Publishing or otherwise disseminating the results of an activity does not in itself determine whether the activity is research or not. Publishing the results of a quality assurance study or another activity in a relevant journal (e.g., quality assurance and program evaluation journals) may inform other studies, but does not alter that the main purpose for which the study was conducted is for quality assurance/another activity. To qualify as research as defined in TCPS 2, the study must seek to address a research question that may extend knowledge to other programs. TCPS 2 exempts from REB review quality assurance activities on the basis that such studies do not meet the TCPS 2 definition for research when those activities are “used exclusively for assessment, management or improvement purposes” (Article 2.5). Such activities may, however, raise ethical issues that would benefit from careful consideration by an individual or a body, other than the REB, capable of providing some independent guidance e.g., in professional or disciplinary associations. Some entities have designed tools to help determine whether an activity is research or quality assurance. See, for example, the Alberta Research Ethics Community Consensus Initiative (ARECCI) .
8. Is it ethically acceptable to recruit participants for a dual purpose: a quality improvement study and research? (March 2013)
It would be ethically acceptable to recruit participants for the purpose of both quality improvement and research if the relevant guidelines of both activities are respected. Article 2.5 describes activities (e.g., quality improvement, program evaluation, performance reviews) that may use methods and techniques similar to research but are not considered research as defined by TCPS 2. The same activities, when conducted for the purposes of research, require REB review prior to recruitment and/or data collection. If the researcher plans to use data collected for both a research and a non-research activity, this must be made clear in the consent process, and other distinguishing elements should be managed – such as the voluntariness of consent (Article 3.1). If individuals are mandated to participate in the non-research activity (as a condition of admission to an educational program, for example), the researcher must provide the prospective participants with the option of either consenting or refusing to allow their data to be used for research purposes.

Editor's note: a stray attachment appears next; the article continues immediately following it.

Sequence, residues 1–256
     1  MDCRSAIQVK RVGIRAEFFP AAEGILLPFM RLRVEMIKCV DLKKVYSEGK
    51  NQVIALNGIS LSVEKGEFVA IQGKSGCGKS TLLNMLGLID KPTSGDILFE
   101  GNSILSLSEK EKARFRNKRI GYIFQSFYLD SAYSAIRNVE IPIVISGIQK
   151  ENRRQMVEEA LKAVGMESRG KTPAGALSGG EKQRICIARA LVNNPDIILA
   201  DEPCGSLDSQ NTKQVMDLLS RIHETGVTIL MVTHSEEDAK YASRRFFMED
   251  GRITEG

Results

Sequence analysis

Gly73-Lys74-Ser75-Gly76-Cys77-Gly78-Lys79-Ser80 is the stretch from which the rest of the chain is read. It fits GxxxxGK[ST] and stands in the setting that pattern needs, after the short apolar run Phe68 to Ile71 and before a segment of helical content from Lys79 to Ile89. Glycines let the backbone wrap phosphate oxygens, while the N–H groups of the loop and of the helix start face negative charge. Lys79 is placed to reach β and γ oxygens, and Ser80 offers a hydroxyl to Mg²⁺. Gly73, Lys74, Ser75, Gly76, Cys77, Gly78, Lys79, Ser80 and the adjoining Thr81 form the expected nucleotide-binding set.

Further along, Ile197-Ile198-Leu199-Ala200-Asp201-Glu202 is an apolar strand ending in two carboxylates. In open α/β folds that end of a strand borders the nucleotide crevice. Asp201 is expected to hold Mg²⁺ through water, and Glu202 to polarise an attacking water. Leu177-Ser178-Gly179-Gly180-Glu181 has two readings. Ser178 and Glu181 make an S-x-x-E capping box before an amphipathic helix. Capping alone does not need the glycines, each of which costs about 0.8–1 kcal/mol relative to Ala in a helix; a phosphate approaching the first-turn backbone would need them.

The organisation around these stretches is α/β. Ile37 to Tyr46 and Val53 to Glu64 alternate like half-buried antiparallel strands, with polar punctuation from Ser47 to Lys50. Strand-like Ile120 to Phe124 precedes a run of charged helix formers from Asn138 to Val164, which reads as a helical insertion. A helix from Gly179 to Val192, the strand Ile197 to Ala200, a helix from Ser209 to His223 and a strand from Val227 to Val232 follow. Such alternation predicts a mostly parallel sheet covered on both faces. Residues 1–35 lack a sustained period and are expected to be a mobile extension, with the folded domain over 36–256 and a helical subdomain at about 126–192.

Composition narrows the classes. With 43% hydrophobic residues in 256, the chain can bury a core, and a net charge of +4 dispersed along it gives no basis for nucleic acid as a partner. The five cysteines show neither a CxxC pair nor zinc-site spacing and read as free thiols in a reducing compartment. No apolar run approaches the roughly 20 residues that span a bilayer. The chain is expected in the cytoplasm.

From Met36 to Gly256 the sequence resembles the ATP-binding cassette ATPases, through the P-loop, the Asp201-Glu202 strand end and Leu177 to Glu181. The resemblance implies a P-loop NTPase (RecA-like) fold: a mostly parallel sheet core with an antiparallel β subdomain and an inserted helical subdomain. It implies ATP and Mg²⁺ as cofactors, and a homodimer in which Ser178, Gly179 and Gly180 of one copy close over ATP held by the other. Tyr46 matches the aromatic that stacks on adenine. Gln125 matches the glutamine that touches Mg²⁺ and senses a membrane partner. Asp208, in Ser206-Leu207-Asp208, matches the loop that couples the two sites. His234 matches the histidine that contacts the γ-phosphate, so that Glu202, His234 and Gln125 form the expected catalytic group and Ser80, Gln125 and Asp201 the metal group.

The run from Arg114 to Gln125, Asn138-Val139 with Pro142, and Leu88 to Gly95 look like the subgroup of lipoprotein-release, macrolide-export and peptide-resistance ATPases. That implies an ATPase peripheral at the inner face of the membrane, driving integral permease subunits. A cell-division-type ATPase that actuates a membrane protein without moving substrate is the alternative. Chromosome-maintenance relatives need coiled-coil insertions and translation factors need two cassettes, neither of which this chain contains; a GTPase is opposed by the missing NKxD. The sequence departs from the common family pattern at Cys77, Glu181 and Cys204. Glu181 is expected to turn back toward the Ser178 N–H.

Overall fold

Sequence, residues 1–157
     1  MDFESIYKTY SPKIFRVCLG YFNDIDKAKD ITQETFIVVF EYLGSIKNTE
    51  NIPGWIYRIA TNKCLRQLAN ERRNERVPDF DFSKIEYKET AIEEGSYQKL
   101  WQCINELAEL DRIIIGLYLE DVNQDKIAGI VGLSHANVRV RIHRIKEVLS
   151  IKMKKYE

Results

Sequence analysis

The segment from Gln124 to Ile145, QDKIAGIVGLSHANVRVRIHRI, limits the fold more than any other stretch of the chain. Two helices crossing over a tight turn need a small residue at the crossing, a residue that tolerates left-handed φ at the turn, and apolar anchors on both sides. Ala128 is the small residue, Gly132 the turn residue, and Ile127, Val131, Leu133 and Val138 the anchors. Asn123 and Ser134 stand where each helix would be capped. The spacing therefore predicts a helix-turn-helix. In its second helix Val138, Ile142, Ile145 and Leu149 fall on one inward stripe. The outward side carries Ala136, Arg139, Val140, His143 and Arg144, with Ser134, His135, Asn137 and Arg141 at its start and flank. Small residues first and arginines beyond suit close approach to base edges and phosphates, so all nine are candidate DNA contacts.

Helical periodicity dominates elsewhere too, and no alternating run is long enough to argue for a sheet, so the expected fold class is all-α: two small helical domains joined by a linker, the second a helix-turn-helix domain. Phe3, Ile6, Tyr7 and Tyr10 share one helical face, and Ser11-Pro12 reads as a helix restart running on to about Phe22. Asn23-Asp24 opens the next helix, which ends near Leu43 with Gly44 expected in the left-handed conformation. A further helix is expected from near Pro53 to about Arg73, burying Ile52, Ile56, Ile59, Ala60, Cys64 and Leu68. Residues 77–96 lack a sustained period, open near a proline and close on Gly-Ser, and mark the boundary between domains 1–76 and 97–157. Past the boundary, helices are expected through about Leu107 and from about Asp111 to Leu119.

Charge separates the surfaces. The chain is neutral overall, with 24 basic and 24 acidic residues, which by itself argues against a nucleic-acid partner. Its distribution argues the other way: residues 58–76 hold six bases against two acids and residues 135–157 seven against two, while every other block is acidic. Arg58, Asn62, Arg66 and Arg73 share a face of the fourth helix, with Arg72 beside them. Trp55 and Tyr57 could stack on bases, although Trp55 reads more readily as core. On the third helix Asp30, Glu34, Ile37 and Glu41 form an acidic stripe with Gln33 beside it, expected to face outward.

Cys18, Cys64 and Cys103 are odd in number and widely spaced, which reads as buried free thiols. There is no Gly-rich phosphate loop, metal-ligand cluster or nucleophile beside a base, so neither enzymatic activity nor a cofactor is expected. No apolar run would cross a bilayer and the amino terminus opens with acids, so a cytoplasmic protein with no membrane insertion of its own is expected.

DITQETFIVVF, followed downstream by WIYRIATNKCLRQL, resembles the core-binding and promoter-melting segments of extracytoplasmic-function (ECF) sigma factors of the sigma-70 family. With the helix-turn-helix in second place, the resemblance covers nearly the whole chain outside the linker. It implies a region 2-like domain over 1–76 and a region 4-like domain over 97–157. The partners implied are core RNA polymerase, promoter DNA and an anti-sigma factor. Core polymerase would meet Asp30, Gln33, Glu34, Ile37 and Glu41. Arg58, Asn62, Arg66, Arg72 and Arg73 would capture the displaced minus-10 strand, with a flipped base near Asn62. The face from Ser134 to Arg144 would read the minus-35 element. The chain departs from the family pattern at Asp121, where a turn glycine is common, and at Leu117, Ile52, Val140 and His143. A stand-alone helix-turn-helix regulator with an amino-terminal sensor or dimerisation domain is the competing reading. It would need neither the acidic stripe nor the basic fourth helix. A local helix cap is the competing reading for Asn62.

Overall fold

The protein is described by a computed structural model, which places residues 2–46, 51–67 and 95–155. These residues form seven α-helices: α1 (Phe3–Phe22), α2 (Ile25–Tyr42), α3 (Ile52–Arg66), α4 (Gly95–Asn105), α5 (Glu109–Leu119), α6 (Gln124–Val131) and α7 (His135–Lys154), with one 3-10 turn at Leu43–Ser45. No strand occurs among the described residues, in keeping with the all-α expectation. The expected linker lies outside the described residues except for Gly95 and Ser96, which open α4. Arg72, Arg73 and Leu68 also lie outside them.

9. Is it ethically acceptable to use information for the purpose of research if it was originally collected for another purpose? (March 2013)
Information originally collected for a purpose other than the current research purposes is considered secondary use of information and its use is acknowledged in TCPS 2. Secondary use of information has the potential to avoid duplication of primary data collection and the associated burdens on participants (Section D, Chapter 5). An REB must review the ethical acceptability of the research involving secondary use of information; including issues of privacy (see Articles 5.5 and 5.6). For example, data collected from students by institutions for program evaluation or quality improvement purpose but later proposed for research purposes would be considered “secondary use of information not originally intended for research, and at that time may require REB review in accordance with this Policy” (Application of Article 2.5). Similarly, the requirement for REB review applies to information that may have been collected for a specific research purpose and is later proposed for a new research purpose.